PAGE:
Self-Care Saturday: The Power of "Good for You."

At the end of 2014 I had a variety of encounters where I walked away feeling shame. 

Shame is the emotion connected to the thought “I am not enough.” 

The gist of these encounters: 

Friend: “Here is this great* thing I am doing.” 

Me: Spiraling inside because I am not doing that great* thing. (Insert shame here). 

After a handful of these encounters, I took a long look at why I was reacting this way. I realized the feeling happened when conversations steered towards areas of my life where I already felt “not enough.” Their sharing only triggered my shame. 

I believe that most of these people were not intentionally trying to make me feel inadequate, though I am sure some were. Regardless, what I realized is this: I am not in control of their intentions, but I am in control of my reactions. 

And this was the moment I realized the power of “good for you.” 

“Good for you” is my new response to these encounters. The phrase reminds me that when people share a great* new thing for their life, it may not be a great* new thing for my life. “Good for you” is a step in helping me to resist the shame in my own life while at the same time changing my attitude towards the other person.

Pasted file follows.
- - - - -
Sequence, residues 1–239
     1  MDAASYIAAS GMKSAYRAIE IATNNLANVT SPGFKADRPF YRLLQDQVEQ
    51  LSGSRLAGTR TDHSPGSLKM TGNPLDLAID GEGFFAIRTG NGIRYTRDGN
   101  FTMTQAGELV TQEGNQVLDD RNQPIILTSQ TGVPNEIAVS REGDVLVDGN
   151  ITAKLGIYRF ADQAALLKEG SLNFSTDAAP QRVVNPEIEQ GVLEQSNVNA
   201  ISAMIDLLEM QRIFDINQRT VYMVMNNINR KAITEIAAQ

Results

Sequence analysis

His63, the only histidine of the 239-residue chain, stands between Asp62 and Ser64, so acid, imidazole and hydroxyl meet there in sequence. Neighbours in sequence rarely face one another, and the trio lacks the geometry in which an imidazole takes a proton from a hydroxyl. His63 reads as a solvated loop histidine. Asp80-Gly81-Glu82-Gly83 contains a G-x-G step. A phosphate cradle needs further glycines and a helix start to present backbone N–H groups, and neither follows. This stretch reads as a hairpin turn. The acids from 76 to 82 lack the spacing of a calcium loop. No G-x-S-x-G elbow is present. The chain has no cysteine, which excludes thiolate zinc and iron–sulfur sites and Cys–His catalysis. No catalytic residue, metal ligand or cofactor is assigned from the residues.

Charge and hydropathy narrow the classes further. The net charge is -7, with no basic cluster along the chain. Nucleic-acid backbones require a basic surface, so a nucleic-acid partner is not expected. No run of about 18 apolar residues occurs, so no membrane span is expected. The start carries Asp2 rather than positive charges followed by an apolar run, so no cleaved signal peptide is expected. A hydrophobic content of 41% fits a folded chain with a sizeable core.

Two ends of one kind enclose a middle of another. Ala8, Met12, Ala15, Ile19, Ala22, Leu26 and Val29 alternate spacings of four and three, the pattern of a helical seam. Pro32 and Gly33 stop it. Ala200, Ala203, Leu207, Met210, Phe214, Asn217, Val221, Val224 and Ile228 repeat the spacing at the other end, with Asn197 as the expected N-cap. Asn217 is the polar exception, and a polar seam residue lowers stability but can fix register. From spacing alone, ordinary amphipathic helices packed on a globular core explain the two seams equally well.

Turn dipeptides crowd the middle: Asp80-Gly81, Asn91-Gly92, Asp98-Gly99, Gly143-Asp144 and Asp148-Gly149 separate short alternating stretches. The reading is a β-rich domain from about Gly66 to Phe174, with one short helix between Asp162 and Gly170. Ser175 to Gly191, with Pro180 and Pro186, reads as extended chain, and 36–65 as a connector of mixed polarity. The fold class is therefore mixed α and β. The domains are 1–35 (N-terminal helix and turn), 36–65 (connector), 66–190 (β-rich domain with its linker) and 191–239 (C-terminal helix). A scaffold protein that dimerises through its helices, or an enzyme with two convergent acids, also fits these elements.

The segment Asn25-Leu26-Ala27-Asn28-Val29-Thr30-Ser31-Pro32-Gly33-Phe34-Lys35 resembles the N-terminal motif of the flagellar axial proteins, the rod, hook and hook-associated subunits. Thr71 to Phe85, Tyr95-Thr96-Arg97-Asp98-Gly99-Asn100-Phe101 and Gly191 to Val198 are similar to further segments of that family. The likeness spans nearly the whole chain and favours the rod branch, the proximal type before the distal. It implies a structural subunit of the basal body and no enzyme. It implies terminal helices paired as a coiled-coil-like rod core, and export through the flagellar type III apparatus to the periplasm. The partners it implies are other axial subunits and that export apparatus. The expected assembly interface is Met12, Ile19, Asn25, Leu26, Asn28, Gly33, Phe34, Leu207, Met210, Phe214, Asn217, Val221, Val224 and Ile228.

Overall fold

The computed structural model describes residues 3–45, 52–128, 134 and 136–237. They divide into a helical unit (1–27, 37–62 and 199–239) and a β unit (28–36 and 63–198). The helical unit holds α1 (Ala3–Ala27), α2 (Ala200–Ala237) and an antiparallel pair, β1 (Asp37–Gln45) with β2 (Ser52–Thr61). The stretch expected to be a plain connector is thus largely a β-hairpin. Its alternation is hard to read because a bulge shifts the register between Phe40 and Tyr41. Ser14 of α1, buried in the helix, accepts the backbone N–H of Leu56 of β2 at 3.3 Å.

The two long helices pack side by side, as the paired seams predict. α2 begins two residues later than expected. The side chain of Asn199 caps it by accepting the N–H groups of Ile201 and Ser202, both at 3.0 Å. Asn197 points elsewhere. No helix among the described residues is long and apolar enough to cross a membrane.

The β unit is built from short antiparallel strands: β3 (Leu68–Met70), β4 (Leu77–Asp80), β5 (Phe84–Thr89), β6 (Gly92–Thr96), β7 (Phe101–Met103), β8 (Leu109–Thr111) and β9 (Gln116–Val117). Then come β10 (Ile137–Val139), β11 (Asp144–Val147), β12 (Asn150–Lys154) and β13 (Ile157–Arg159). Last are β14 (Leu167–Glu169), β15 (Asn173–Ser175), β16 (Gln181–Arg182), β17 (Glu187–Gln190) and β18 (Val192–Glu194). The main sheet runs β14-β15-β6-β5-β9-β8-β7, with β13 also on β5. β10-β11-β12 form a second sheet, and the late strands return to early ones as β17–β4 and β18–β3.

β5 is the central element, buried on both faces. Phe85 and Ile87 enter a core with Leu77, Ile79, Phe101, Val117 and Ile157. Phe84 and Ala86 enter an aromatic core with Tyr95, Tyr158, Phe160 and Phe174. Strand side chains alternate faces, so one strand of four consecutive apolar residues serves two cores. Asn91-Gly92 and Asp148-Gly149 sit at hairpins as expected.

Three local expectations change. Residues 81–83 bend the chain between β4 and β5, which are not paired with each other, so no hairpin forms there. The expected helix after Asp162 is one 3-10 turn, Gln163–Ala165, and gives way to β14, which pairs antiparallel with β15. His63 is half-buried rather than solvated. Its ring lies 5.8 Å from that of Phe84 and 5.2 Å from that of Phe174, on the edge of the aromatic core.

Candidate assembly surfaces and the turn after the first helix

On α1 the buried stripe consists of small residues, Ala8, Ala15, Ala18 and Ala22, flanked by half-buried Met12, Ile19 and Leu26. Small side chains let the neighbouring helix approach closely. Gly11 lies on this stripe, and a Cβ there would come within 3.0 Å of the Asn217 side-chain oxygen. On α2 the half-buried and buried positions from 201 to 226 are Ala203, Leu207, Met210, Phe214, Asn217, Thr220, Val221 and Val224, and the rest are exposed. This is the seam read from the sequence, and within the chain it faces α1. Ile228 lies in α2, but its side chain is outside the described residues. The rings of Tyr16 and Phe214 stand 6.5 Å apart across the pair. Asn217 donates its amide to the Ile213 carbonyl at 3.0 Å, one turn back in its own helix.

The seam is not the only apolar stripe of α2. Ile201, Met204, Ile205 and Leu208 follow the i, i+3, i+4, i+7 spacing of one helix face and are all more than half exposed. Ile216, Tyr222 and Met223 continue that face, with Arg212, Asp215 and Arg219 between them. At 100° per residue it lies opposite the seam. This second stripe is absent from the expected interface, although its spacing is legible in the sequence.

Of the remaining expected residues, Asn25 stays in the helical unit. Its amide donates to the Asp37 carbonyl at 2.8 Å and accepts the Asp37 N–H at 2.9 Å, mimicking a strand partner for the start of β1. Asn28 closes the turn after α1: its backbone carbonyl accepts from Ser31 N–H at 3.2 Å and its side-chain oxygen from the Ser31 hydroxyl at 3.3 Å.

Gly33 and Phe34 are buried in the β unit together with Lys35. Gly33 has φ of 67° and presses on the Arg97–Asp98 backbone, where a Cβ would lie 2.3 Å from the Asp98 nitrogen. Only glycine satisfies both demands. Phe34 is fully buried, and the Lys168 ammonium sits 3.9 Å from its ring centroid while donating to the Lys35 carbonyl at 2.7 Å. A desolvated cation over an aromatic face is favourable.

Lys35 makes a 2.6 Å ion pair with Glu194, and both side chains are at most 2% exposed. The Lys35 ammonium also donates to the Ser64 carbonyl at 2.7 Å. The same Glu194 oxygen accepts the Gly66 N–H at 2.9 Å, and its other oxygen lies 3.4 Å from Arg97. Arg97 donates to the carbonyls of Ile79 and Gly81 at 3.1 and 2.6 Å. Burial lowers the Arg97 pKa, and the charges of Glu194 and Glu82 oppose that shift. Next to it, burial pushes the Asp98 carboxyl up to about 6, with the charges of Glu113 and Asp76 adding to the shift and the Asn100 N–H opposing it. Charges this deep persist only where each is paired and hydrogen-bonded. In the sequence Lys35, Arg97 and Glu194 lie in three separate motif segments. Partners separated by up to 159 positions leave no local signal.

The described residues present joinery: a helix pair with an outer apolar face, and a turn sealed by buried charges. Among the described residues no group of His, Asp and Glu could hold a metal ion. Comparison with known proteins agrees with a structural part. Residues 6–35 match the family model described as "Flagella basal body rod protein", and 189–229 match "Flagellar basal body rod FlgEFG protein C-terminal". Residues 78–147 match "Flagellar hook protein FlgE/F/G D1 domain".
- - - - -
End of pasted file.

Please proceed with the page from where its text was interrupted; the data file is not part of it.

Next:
The gist of these new encounters:

Friend: “We switched out all refined sugar, gluten, and dairy. I feel amazing.” 

You: “Good for you.” (Instead of questioning your last caloric intake, you cheerlead a friend who feels amazing). 

Friend: “We are using cloth diapers because it is so good for the environment and our budget.”

You: “Good for you.” (Instead of a shame spiral about your bank account dwindling due to Huggies or because the idea of cloth diapers makes you gag). 

Mother-in-law: “You know, our daughter potty-trained both Sally and John in a weekend.” 

You: “Good for her.” (Sure your blood pressure may rise, but it was great for your sister-in-law to potty train in a weekend. But potty training is hard and maybe this will help shake off the resentment towards your in-laws). 

Saying “good for you” helps me pivot away from a shame spiral. Instead, the response helps me to draw a boundary. I can protect myself from spinning questions in my head wondering if their great* thing should be great for me. I can better support my friends and the new things they are trying.  

Saying “good for you” is both good for them and good for me. 





*Great for her does not mean it has to be great for you.